Normalization

Normalization is useful to prevent neurons from saturating when inputs may have varying scale, and to aid generalization.

tf.nn.l2_normalize(x, dim, epsilon=1e-12, name=None)

Normalizes along dimension dim using an L2 norm.

For a 1-D tensor with dim = 0, computes

output = x / sqrt(max(sum(x**2), epsilon))

For x with more dimensions, independently normalizes each 1-D slice along dimension dim.

Args:
  • x: A Tensor.
  • dim: Dimension along which to normalize.
  • epsilon: A lower bound value for the norm. Will use sqrt(epsilon) as the divisor if norm < sqrt(epsilon).
  • name: A name for this operation (optional).
Returns:

A Tensor with the same shape as x.


tf.nn.local_response_normalization(input, depth_radius=None, bias=None, alpha=None, beta=None, name=None)

Local Response Normalization.

The 4-D input tensor is treated as a 3-D array of 1-D vectors (along the last dimension), and each vector is normalized independently. Within a given vector, each component is divided by the weighted, squared sum of inputs within depth_radius. In detail,

sqr_sum[a, b, c, d] =
    sum(input[a, b, c, d - depth_radius : d + depth_radius + 1] ** 2)
output = input / (bias + alpha * sqr_sum) ** beta

For details, see [Krizhevsky et al., ImageNet classification with deep convolutional neural networks (NIPS 2012)] (http://papers.nips.cc/paper/4824-imagenet-classification-with-deep-convolutional-neural-networks).

Args:
  • input: A Tensor. Must be one of the following types: float32, half. 4-D.
  • depth_radius: An optional int. Defaults to 5. 0-D. Half-width of the 1-D normalization window.
  • bias: An optional float. Defaults to 1. An offset (usually positive to avoid dividing by 0).
  • alpha: An optional float. Defaults to 1. A scale factor, usually positive.
  • beta: An optional float. Defaults to 0.5. An exponent.
  • name: A name for the operation (optional).
Returns:

A Tensor. Has the same type as input.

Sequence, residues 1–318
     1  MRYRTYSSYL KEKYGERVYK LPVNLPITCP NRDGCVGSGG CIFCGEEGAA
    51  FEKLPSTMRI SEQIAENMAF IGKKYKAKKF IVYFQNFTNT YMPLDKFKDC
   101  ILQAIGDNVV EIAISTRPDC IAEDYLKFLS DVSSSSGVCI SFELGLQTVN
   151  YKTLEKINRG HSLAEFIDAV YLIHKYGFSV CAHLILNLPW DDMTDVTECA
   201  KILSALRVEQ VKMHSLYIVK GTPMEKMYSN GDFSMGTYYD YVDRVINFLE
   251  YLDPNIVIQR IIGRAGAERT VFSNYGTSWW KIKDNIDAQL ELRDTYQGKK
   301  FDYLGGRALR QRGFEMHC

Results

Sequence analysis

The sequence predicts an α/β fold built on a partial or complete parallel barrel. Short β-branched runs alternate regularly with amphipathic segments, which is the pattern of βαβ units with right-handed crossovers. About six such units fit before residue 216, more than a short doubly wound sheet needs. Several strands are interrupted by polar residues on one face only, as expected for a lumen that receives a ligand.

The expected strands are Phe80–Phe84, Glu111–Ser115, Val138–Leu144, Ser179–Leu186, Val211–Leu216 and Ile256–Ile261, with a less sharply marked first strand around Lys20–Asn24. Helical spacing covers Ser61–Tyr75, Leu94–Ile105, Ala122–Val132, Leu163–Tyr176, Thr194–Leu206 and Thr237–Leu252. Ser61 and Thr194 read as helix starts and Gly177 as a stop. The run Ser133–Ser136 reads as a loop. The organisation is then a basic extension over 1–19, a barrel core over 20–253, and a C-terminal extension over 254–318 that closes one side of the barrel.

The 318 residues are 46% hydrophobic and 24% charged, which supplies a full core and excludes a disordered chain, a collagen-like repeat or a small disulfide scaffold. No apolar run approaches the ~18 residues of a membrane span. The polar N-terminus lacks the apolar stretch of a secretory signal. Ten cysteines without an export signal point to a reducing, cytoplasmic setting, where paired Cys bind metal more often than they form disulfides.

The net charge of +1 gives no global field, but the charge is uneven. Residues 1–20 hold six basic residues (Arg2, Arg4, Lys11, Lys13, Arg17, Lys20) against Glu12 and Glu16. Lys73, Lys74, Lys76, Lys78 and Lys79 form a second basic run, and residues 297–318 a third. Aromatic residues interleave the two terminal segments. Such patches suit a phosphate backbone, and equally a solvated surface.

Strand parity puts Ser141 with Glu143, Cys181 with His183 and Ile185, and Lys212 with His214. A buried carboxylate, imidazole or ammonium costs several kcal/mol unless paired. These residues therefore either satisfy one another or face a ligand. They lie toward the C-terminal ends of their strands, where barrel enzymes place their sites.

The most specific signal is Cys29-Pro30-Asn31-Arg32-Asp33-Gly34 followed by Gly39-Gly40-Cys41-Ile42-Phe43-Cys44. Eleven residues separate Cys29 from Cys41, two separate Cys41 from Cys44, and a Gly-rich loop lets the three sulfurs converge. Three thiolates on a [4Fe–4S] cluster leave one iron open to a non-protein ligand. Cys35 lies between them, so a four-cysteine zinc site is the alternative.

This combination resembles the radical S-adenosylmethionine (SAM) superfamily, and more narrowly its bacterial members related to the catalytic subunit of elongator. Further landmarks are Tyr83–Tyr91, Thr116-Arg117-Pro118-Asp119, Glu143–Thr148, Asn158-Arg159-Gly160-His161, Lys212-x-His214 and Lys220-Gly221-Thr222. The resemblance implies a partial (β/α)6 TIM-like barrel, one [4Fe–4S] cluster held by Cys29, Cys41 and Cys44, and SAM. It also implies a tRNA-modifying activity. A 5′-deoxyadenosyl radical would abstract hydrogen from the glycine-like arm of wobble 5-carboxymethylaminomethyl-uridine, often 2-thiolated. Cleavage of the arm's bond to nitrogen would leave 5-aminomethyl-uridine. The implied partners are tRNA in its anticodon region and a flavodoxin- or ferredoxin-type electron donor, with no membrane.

tf.nn.sufficient_statistics(x, axes, shift=None, keep_dims=False, name=None)

Calculate the sufficient statistics for the mean and variance of x.

These sufficient statistics are computed using the one pass algorithm on an input that's optionally shifted. See: https://en.wikipedia.org/wiki/Algorithms_for_calculating_variance#Computing_shifted_data

Args:
  • x: A Tensor.
  • axes: Array of ints. Axes along which to compute mean and variance.
  • shift: A Tensor containing the value by which to shift the data for numerical stability, or None if no shift is to be performed. A shift close to the true mean provides the most numerically stable results.
  • keep_dims: produce statistics with the same dimensionality as the input.
  • name: Name used to scope the operations that compute the sufficient stats.
Returns:

Four Tensor objects of the same type as x: * the count (number of elements to average over). * the (possibly shifted) sum of the elements in the array. * the (possibly shifted) sum of squares of the elements in the array. * the shift by which the mean must be corrected or None if shift is None.


tf.nn.normalize_moments(counts, mean_ss, variance_ss, shift, name=None)

Calculate the mean and variance of based on the sufficient statistics.

Args:
  • counts: A Tensor containing a the total count of the data (one value).
  • mean_ss: A Tensor containing the mean sufficient statistics: the (possibly shifted) sum of the elements to average over.
  • variance_ss: A Tensor containing the variance sufficient statistics: the (possibly shifted) squared sum of the data to compute the variance over.
  • shift: A Tensor containing the value by which the data is shifted for numerical stability, or None if no shift was performed.
  • name: Name used to scope the operations that compute the moments.
Returns:

Two Tensor objects: mean and variance.


tf.nn.moments(x, axes, shift=None, name=None, keep_dims=False)

Calculate the mean and variance of x.

The mean and variance are calculated by aggregating the contents of x across axes. If x is 1-D and axes = [0] this is just the mean and variance of a vector.

When using these moments for batch normalization (see tf.nn.batch_normalization): * for so-called "global normalization", used with convolutional filters with shape [batch, height, width, depth], pass axes=[0, 1, 2]. * for simple batch normalization pass axes=[0] (batch only).

Args:
  • x: A Tensor.
  • axes: array of ints. Axes along which to compute mean and variance.
  • shift: A Tensor containing the value by which to shift the data for numerical stability, or None if no shift is to be performed. A shift close to the true mean provides the most numerically stable results.
  • name: Name used to scope the operations that compute the moments.
  • keep_dims: produce moments with the same dimensionality as the input.
Returns:

Two Tensor objects: mean and variance.